Our reasoning, or better yet, our justification?
In the accompanying weekly chart of Cumulative Volume (CV) going back to mid-2007, notice the relationship of CV to the S&P 500 and the Dow 30. Both CV lines not only sank below their 2003 low points in the 2008-2009 bear market, but they made new all-time lows. What those negative CV divergences are saying is that MASSIVE liquidation came into the stock market during the 2008-2009 bear market. MASSIVE LIQUIDATION.
Market Overview – What We Know:
- Major indexes posted small gains last week with all rallying to new short and intermediate highs. Dow Jones 30, 20, and Value Line index were at new all-time closing highs. S&P 500 was just shy of October 9, 2007 closing high at 1565.15 while NASDAQ Composite index remains 37% below March 2000 peak.
- Trading volume rose more than 6% last week with a big upward bump on Friday when overall activity rose nearly 69% compared to last Thursday’s levels.
- All Cycle remains positive, but historically “Overbought.”
- To turn Minor Cycle negative and to reverse uptrend in effect since February 26 low (1485.01), S&P 500 must sell below lower edge of 10-Day Price Channel (1530.82 through Monday). Intermediate trend remains positive until lower edge of 10-Week Price Channel (1472.85 through March 22).
- Daily MAAD rallied to best level last week since March 2009. Weekly MAAD has yet to overcome resistance made in spring of 2011 even though indicator has slightly penetrated long-term downtrend line stretching back to 1999 and point prior to 2000 market highs. Daily and Weekly MAAD Ratios were last moderately “Overbought” at 1.59 and 1.42, respectively.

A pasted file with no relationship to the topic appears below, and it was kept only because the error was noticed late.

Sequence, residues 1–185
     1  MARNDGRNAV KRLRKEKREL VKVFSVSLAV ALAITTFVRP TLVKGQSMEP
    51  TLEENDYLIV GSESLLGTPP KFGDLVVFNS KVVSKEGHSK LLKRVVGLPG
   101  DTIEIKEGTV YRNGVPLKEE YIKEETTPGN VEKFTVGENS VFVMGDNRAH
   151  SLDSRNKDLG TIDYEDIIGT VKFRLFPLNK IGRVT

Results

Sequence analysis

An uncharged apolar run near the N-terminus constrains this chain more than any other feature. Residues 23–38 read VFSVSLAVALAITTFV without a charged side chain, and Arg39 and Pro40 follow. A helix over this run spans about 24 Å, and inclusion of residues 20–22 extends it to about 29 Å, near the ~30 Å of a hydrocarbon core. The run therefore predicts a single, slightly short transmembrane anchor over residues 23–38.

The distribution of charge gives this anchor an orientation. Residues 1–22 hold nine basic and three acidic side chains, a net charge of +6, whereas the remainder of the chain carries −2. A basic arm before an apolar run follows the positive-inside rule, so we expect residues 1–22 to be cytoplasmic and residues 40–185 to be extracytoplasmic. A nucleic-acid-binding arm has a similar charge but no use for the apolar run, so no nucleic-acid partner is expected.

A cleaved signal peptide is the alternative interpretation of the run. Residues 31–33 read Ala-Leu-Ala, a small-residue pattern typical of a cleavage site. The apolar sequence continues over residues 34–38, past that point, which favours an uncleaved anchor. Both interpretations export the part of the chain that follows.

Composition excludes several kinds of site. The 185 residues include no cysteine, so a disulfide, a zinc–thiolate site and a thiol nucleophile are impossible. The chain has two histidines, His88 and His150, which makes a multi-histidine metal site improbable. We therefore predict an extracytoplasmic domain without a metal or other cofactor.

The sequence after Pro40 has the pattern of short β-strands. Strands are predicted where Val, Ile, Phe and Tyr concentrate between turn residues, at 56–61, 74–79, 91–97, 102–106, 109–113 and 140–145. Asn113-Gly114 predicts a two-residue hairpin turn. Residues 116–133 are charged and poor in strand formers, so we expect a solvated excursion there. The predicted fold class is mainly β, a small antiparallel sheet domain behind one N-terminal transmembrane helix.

- Daily CPFL popped to new short to intermediate-term high last week with strong showing on Friday when Calls on Dollar Value basis outperformed Puts by 8 to 1. But CPFL nonetheless remains well below major resistance put in place week of February 25, 2011.
Market Overview – What We Think:
- While resumption of short-term buying following February 26 lows (1485.01—S&P 500) has resulted in new short to intermediate-term highs in all of major indexes, short-term trend has moved back into “Overbought” territory while historically low levels of volatility have begun to suggest longevity of Intermediate Cycle, at least, could be in doubt..
- Health of short-term trend will once again determine the point at which larger Intermediate Cycle will either reverse to negative or will contain a short term correction, as has been case twice since November 16 intermediate term low in S&P 500 (1343.35).
- As a consequence, while Intermediate Cycle remains positive, we must regard all short-term pullbacks as merely hesitations in larger cycle advance, including major trend that has been favorable since March 2009 lows.
- Conversely, so long as pricing and indicators are not in synch on upside, as they were from March 2009 until May 2011, lingering doubts will persist about long-term viability of Major Cycle and we will continue to wonder how much longer this market will be able to shake off unfavorable indicator divergences.